Brussels, 17 November 2008
EU Consumer Commissioner, Meglena Kuneva, the US Chairman of the Consumer Product Safety Commission, Nancy Nord, and the Chinese vice-Minister of AQSIQ, Wei Chuanzhong, met today in Brussels for the first high-level trilateral summit on product safety. The high level meeting is intended to send a strong political signal of the determination of all sides to keep product safety at the top of the international political agenda, recognising that open markets can only be built on strong and secure management of global product supply chains. The tripartite meeting will step up EU- China - US co-operation. First, a revised Memorandum of Understanding strengthening bilateral co-operation between the EU and China to enforce product safety standards and strengthen cooperation and exchange of information on food safety will be signed by Commissioner Kuneva, Commissioner Vassiliou and vice-Minister Wei prior to the high level meeting. Then, trilateral priority areas for action will be agreed and set out in the joint press statement, including on product traceability, co-operation by all three parties on toy safety standards, expertise exchange and joint enforcement actions. Finally, discussions will focus on action to strengthen information exchange between the partners on alerts and recalls – in particular using new US product safety legislation which will allow more open information exchange on product recalls and dangerous products. Today's activities are part of a broader Product Safety Week, which is being hosted by the Commission from 17-21 November.
Commissioner Kuneva said: “Trust is the currency of the global economy. There is no room for complacency, and every week there are alerts which remind us that we must never allow safety issues to slip from the very top of the political agenda. This high level product safety summit sends a very clear signal about the determination of leaders in Europe, China and the US to put the safety of citizens first and to keep up the political momentum to insist that standards are high and fully enforced at every step along the global supply chain. We are strongly in favour of open and competitive markets, with all the benefits in terms of price and choice they bring for millions of consumers, but never at the expense of safety."
EU-China-US Trilateral Summit
Today's trilateral summit is the first time that the EU, China and the USA have met at such a high level to discuss product safety, signalling their willingness to coordinate closely in this area and reinforcing their mutual commitment to enforcing high safety standards. The European Commission's Rapid Alert System for dangerous consumer products (RAPEX), has consistently shown in recent years that approximately 50% of goods withdrawn from the EU market are of Chinese origin.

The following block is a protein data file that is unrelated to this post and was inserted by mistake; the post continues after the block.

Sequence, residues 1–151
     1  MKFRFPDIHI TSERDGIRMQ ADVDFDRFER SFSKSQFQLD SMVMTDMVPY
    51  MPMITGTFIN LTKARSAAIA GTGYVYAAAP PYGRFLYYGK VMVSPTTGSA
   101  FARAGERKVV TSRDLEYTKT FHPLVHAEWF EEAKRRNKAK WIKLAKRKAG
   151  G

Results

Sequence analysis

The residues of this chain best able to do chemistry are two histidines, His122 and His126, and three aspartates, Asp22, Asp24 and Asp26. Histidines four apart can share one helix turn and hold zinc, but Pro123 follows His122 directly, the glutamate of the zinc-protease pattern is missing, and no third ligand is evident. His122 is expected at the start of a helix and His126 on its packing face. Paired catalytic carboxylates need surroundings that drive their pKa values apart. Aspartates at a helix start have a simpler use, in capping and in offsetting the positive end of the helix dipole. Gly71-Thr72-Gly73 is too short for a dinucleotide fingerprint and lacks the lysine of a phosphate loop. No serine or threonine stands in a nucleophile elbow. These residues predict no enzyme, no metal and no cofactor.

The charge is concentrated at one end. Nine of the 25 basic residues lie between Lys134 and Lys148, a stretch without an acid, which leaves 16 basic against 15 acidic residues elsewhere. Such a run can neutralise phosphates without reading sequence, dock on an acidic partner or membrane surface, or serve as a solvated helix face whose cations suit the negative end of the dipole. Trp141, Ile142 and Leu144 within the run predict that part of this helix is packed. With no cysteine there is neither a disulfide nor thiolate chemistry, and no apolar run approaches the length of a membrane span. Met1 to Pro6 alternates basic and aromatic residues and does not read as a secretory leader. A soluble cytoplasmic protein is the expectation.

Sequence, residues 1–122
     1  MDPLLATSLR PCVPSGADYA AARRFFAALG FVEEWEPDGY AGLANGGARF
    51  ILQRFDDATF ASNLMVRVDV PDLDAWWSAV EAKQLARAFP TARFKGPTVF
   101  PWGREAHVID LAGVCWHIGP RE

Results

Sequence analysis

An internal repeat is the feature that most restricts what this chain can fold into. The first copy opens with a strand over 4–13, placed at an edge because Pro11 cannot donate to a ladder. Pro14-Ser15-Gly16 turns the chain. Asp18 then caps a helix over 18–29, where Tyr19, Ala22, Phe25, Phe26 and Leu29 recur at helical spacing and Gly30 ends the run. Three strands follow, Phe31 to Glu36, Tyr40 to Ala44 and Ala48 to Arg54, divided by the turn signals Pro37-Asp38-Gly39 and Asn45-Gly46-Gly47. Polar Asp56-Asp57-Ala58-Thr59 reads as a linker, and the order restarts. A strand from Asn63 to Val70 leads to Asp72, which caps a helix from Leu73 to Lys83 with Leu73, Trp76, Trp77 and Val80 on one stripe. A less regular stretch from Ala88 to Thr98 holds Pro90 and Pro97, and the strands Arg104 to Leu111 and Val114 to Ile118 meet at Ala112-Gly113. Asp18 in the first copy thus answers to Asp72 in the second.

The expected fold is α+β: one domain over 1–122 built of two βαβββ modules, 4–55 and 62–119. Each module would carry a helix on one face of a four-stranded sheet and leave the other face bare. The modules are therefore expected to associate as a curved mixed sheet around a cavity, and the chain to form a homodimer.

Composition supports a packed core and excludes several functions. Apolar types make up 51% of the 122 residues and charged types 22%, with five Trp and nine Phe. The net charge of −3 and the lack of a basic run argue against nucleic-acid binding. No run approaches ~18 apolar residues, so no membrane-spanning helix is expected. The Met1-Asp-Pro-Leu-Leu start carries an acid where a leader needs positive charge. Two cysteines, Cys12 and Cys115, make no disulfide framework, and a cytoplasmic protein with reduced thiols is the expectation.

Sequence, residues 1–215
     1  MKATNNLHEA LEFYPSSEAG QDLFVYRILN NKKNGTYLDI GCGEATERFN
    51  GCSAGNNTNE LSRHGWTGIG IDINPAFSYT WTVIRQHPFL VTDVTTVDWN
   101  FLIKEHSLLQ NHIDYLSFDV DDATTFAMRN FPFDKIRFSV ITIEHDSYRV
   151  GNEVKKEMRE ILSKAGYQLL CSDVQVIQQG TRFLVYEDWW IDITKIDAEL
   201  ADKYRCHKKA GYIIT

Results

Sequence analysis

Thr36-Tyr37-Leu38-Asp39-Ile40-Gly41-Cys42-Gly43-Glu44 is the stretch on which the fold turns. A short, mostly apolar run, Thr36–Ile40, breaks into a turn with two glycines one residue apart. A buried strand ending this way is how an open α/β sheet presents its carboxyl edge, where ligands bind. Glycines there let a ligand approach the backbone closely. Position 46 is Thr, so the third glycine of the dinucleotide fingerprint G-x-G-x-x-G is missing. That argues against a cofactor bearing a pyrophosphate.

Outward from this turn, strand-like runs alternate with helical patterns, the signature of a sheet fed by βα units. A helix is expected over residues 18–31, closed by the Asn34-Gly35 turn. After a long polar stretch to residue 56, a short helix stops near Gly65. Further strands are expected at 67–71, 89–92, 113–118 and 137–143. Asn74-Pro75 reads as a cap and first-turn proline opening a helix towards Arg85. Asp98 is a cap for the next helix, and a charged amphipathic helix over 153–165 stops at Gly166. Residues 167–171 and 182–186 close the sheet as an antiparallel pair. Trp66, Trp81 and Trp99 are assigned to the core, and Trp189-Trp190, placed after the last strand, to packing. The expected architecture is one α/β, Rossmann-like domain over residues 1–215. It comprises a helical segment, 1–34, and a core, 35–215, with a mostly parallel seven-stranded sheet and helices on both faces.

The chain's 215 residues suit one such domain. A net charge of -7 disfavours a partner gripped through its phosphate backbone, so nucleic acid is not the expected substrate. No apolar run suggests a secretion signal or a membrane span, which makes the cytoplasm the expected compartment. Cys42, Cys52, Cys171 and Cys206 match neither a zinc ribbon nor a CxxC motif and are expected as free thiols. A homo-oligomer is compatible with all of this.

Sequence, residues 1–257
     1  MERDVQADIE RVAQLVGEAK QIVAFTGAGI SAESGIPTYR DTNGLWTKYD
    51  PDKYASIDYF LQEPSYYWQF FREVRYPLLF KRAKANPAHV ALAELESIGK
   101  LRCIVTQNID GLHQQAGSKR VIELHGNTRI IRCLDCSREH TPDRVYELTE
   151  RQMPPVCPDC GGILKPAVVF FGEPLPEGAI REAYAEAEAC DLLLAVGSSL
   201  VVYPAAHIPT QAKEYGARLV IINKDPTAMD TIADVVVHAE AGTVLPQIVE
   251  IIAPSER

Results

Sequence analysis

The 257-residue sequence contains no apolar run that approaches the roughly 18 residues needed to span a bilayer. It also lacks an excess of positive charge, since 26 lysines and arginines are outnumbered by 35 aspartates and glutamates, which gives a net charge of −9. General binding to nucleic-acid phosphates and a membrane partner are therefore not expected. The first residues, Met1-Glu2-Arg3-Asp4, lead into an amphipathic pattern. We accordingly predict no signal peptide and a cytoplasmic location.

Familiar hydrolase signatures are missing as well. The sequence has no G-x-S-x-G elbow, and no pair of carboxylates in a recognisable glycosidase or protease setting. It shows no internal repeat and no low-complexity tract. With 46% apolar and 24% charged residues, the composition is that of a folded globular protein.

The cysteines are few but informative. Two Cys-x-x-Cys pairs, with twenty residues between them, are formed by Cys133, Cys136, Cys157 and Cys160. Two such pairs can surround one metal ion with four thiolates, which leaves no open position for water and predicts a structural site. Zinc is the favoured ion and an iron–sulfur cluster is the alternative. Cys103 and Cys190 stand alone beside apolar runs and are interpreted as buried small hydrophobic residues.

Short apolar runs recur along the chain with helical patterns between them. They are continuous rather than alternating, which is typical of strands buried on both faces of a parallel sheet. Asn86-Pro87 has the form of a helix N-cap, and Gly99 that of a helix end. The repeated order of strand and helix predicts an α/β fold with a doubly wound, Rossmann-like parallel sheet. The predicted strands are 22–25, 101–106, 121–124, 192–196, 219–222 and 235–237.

This is a function of course of the huge trade flows of consumer goods coming from China – for example, around 85% of toys on the European market are made in China. Equally it is clear from the RAPEX figures that significant numbers of products recalled and withdrawn are manufactured within the European Union or the US. Product safety is a common concern that involves many actors, and there is work to be done on all sides to enforce and control the safety of products at every stage along the supply chain, from design to production to retail.
Today's meeting follows on from a series of initiatives over the past year to deepen EU-China-US co-operation in the area of product safety, including joint outreach seminars on compliance held in China in September 2008. A further high level trilateral summit is planned for 2009.
Memorandum of Understanding
Commissioner Kuneva and Commissioner Vassiliou and vice-Minister Wei signed a renewed and extended Memorandum of Understanding (MoU) on product and food safety and sanitary and phytosanitary issues (SPS), including many of the concrete improvements that were achieved between the EU and China made over the last couple of years through mutual cooperation. The upgraded MoU provides, for example, the possibility for joint enforcement actions to be carried out i.e. whereby the EU and China would carry out coordinated and simultaneous checks on particular sectors of their own markets/producers to check that product safety standards are being met. The Memorandum updates references to the RAPEX-China system, including quarterly reporting and the related efforts of both sides, mentions the established product and food safety/SPS working groups between the EC and AQSIQ, and clarifies the confidentiality understanding related to the exchange of information on unsafe products. It further develops EU-China cooperation on food safety, notably by providing China with immediate access to the Rapid Alert System for Feed and Food (RASFF) notifications concerning China. The MoU was first signed in 2006.
Product Safety Week
International Product Safety Week, which is being hosted by the Commission in Brussels until 21 November, brings together a wide range of stakeholders involved in product safety. Meetings and workshops are scheduled to push forward various aspects of the EU's product safety agenda. These include: a meeting of regulators of the International Consumer Product Health and Safety Caucus (ICPSC), a training symposium of the International Consumer Product Health and Safety Organisation (ICPHSO), the closing conference of a PROSAFE project on Enhancing Market Surveillance through Best Practice (EMARS), an EU/China Regulators Working Group on the rapid alert system for unsafe consumer products and a Joint EU-China Market Surveillance seminar which this year focuses on product traceability.
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